November 14 2011

What the High Line Means for America’s Urban Parks

As mentioned earlier on this blog, the success of New York’s High Line and recent extension has brought in more attention, investment, and tourists to Manhattan’s Chelsea and Meatpacking neighborhoods. And while New York enjoys the fruits of its labor, other cities across North America are looking to achieve similar results through comparable projects. Using the High Line’s model as precedent, cities are taking stock of their abandoned or neglected infrastructure and incorporating it into the design of their newest parks and existing urban landscape.

Atlanta Beltline

In Atlanta, work is underway to convert most of a 22-mile ring of abandoned rail lines circling the city into a multi-use trail, park, and transit corridor. Appropriately named the BeltLine, the corridor hopes to bring new life into Atlanta’s suburbs by providing important public transit connections between edge cities and surrounding suburban communities, as well as provide area residents better access to recreation and public art. Moreover, the BeltLine’s development model closely resembles that of the High Line’s, with a grassroots-based public private partnership built upon both community engagement and implementing high design for the masses. And while the project won’t be fully realized for at least another decade, sections of the ambitious project are now beginning to open to the public.

Bloomingdale Trail

Image courtesy of massito, Flickr

Chicago’s Bloomingdale Trail, which is planned to be even longer than the High Line, hopes to become a nearly 3-mile long park that will give residents just north of the Chicago Loop access to urban parks while re-using an abandoned freight rail corridor. Much of the planning process behind the park has been in the form of charettes and public meetings, making sure that residents will be able to voice their opinion and that the park adequately serves their needs. And while the idea has lingered in Chicago since the 1990s, residents can thank the High Line for being the catalyst that has helped give this project much of the recent support to move forward.

Other cities such as Philadelphia and Vancouver have casually floated High Line-type ideas but have yet to develop formal, solid plans. In Philadelphia, there is talk of converting the Reading Viaduct in the city’s Loft District into a “linear version of Rittenhouse Square,” while in Vancouver, local activists near the city’s Dunsmuir and Georgia Viaducts have been considering converting the auto-centric overpasses into parks.  Even in New York there is now talk of creating a competing “Low Line,” using the city’s unused subway infrastructure in the Lower East Side to create a unique park experience.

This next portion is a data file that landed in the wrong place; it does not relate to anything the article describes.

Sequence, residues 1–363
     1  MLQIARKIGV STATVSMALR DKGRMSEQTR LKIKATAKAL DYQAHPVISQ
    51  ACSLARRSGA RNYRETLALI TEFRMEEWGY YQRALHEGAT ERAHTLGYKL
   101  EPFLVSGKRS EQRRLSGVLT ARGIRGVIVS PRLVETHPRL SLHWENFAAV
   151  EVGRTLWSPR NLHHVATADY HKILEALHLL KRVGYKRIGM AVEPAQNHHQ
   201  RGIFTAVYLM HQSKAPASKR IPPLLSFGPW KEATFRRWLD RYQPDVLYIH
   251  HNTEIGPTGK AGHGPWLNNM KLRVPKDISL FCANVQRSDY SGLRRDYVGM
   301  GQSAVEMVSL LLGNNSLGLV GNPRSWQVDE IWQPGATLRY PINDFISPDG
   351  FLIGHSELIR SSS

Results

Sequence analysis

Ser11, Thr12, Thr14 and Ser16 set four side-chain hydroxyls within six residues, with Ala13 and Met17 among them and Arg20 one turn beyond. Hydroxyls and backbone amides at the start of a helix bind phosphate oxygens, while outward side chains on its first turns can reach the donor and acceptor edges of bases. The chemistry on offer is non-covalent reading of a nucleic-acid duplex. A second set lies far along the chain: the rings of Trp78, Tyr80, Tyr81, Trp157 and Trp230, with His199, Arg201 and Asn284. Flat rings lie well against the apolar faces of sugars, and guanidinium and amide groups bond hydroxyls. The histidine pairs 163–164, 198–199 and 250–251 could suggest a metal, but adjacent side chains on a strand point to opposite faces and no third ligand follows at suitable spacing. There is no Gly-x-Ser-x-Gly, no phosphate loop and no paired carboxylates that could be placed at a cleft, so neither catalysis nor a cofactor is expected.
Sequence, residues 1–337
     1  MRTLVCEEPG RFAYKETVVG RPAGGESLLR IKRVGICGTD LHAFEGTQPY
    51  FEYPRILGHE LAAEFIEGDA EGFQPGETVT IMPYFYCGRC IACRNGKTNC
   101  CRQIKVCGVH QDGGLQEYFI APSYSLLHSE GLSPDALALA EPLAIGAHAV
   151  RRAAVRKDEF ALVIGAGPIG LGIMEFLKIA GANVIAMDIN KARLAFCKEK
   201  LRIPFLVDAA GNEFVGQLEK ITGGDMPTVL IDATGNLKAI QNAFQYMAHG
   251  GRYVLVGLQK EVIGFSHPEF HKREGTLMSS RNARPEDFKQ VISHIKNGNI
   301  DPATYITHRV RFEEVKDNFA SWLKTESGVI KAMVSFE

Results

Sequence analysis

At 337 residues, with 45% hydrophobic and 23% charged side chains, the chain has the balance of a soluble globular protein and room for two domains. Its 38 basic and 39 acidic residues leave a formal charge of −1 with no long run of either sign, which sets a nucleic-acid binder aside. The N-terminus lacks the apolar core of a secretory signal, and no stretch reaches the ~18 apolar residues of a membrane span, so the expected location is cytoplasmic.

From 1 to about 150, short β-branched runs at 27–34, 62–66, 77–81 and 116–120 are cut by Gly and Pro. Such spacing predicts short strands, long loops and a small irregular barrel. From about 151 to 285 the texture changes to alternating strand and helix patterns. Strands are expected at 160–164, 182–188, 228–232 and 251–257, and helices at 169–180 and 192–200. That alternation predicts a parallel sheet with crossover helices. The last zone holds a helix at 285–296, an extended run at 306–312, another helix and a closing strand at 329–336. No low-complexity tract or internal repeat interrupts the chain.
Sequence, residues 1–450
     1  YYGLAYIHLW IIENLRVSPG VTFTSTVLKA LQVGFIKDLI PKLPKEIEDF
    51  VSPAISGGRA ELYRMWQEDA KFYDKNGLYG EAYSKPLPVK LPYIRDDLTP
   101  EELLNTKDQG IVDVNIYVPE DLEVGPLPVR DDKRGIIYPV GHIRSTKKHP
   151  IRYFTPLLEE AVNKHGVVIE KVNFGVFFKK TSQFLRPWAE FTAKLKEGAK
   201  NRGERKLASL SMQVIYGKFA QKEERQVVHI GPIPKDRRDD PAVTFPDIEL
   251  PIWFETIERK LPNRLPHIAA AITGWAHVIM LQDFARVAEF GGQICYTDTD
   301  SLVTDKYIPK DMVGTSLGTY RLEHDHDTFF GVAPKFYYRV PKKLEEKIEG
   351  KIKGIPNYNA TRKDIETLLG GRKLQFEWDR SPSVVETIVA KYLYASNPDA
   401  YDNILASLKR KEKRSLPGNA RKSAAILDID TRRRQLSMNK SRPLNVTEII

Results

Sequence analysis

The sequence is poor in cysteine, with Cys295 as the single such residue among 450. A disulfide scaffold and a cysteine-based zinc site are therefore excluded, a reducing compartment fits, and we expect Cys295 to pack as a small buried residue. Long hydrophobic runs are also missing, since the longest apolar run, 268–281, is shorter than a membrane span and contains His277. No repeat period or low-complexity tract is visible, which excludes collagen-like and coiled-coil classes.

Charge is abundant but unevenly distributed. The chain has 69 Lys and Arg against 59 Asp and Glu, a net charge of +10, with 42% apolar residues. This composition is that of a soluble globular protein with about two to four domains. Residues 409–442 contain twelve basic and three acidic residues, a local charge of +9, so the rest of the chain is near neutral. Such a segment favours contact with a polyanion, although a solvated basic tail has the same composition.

With all of these new ideas for parks and urban reuse, it’s clear that the High Line has challenged the way planners design, create, and think about public parks and recreational spaces.   As Eric Jaffe of The Atlantic writes, part of what makes the High Line successful is “New York’s density [which] adds an element of adventure,” and without density, many of these proposed parks may not find as much long-term success.   Still, each city is unique, and there are other challenges that planners must face other than density and scale.

Do you think that other cities can build their own High Line-style parks?   What are some other great new urban parks that cities are planning?

Barrett Lane

Barrett Lane is a graduate student at the University of Pennsylvania where he is pursuing a Master of City Planning with a concentration in Urban Design. He also holds a Bachelor of Science in Urban and Regional Studies from Cornell University. Prior to joining The Grid, Barrett was the Director of Creative Content at Yipit, and most recently interned with the New York City Department of City Planning. He currently lives in Philadelphia, PA.

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This entry was posted on Monday, November 14th, 2011 at 8:46 pm and is filed under Community/Economic Development, Environment, Environmental Design, Environmental Non-Profit, History/Preservation, Land Use, Landscape Architecture, Urban Development/Real Estate, Urban Planning and Design. You can follow any responses to this entry through the RSS 2.0 feed. You can leave a response, or trackback from your own site.

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